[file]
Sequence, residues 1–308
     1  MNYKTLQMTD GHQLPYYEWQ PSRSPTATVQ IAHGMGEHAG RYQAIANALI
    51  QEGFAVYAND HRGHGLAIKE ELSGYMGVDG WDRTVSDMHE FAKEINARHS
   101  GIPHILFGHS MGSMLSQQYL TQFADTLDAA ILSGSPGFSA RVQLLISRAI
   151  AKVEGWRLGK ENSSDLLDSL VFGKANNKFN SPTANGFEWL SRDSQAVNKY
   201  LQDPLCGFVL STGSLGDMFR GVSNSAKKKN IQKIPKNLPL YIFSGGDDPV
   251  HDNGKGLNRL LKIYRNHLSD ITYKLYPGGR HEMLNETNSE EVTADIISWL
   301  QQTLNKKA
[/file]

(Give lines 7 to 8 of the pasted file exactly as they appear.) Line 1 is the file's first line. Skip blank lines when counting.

   251  HDNGKGLNRL LKIYRNHLSD ITYKLYPGGR HEMLNETNSE EVTADIISWL
   301  QQTLNKKA